Tell me about drying lavender for a sachet???

Adele(z7WA)September 30, 2002

Yes, I know it's too late for this year, but I thought over the winter I'd sew up some sachet bags to fill with lavender for gifts next year. I do grow lavender and have dried it on the stem by hanging upside down in a cool dark place.

To use for a sachet, at what point should it be picked? When the flowers first open, or more mature? Should I dry the flowers on the stem, or remove them when picked and dry off the stem?

Thanks for any suggestions.

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neil_allen(z5/6 Chi IL)

For fragrance, the best time to pick lavender is when you have the highest number of flowers blooming on a stem -- our rule of thumb is to pick when it looks like about 3/4 of the stem is in flower.

Air-dry the stems, then rub off the flowers and buds.

Save the stems. They still have some fragrance. We gather them and tie them into "lavender logs." Rub a "log" between your palms to release the scent, or toss them onto a fire.

    Bookmark   October 1, 2002 at 4:56PM
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maders(Zone 7)

if you really wanted to do sachets this year Atlantic spice company has a website and I think its 8 for 1 lb bag. but i grew my own in MD. you can also fill with rice and lavendar and heat in microwave for good smelling heating pad

    Bookmark   October 14, 2002 at 7:56AM
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sportkat2(z7 AL)


Do you put equal parts of lavender and rice in the sachets to heat them for a heating pad? Do you need to add anything else?
Thanks so much,

    Bookmark   October 22, 2002 at 11:03PM
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loree(z9 CA)

Any good ideas for separating the "chaff" from the buds? Has anyone made a screen or some other sifter to do this?

    Bookmark   November 16, 2002 at 10:36PM
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Bonnie_NOVA(z7 NoVA)

I just pruned my "Dutch" and "Hidcote" Lavendar. Put the stems in a bushel basket and wonder what I should do now? I love the fragence. Anyone have experience?
Thank you in advance=

    Bookmark   October 19, 2003 at 3:32PM
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Bonnie, your lavender trimmings should be dry by now. I remove the dried leaves from the stems and make small pillows to put in drawers and closets. I use old embroiderd or chrocheted pieces of material for the covers and they are pretty and fragrant. The leaves can also be used for the rice packs that are heated in the microwave. Sometimes when I trim lavendar I use the fresh stems on wreaths. I make a sprig of several stems and pin them onto the straw wreath bases with the hair pin shaped floral pins. When the wreath is covered lay it aside to dry. The wreaths can be enhanced with dried flowers. Sprigs of other materials such as artemesia can be mixed in with the lavender stems.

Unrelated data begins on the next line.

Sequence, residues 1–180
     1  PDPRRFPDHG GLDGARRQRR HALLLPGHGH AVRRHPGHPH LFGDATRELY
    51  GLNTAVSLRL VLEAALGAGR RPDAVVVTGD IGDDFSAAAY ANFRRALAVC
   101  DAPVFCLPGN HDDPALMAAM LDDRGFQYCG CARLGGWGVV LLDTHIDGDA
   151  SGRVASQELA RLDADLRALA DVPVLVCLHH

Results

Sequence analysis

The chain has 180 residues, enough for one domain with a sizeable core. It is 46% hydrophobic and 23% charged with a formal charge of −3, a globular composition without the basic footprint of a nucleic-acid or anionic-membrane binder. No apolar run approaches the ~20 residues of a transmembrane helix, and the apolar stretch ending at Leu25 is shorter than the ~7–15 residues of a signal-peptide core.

Bookmark   November 10, 2003 at 6:39AM
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So, CAN you dry the leaves to use as well for fragrance? And, is a cool dark place better that a warm or hot place?

Drying rose petals? Can you just dry them on their stem in an empty vase?


    Bookmark   May 9, 2008 at 1:27PM
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neil_allen(z5/6 Chi IL)

You could dry the leaves and throw them into potpourri if you wished, but on a flowering stem, you typically have just a few leaves at the bottom. Drying works best when it's fast. A warm/hot place, especially with good air circulation, is better than a cold one. Darkness is not a top issue with lavender, since the blooms don't tend to fade much.

You can dry roses in an empty vase or hang them up. If you want and can get a lot of petals for potpourri, it's easiest to take them off the stem and spread them on screens. You can dry them until they're crisp or just until they become a bit leathery if you're going to do a "wet method" potpourri.

    Bookmark   May 9, 2008 at 1:41PM
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does anyone here know if using a dehydrator for drying lavender is a bad thing?

    Bookmark   June 12, 2008 at 10:57AM
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neil_allen(z5/6 Chi IL)

You'd certainly end up with a house or barn reeking of lavender.

Since heat is one of the things that releases the essential oils from the plant, you could end up with somewhat less scent left in the plant at the end than with simple air drying, but on the other hand, you'd be talking about a few hours in the dehydrator rather than a few days in a room.

We find that lavender dries fairly quickly even in very humid weather and under less than ideal drying conditions (several stems deep on newspaper on the floor vs. hanging in small bunches).

If you're dealing with a small amount of lavender, don't have any better option and do have a dehydrator, there's no harm in trying, and I'm sure the result will still have scent -- it just may not have as much scent two years down the road as if you'd air-dried.

I'd test the stuff in the dehydrator as I went along. You want the stem to first bend and then snap off cleanly -- not fold on the one hand or snap immediately on the other. Also, you may find that things seem done when you take them out of the dehydrator but then reabsorb moisture when they've been out for a bit, and have to go back in for a while.

    Bookmark   June 13, 2008 at 7:26AM
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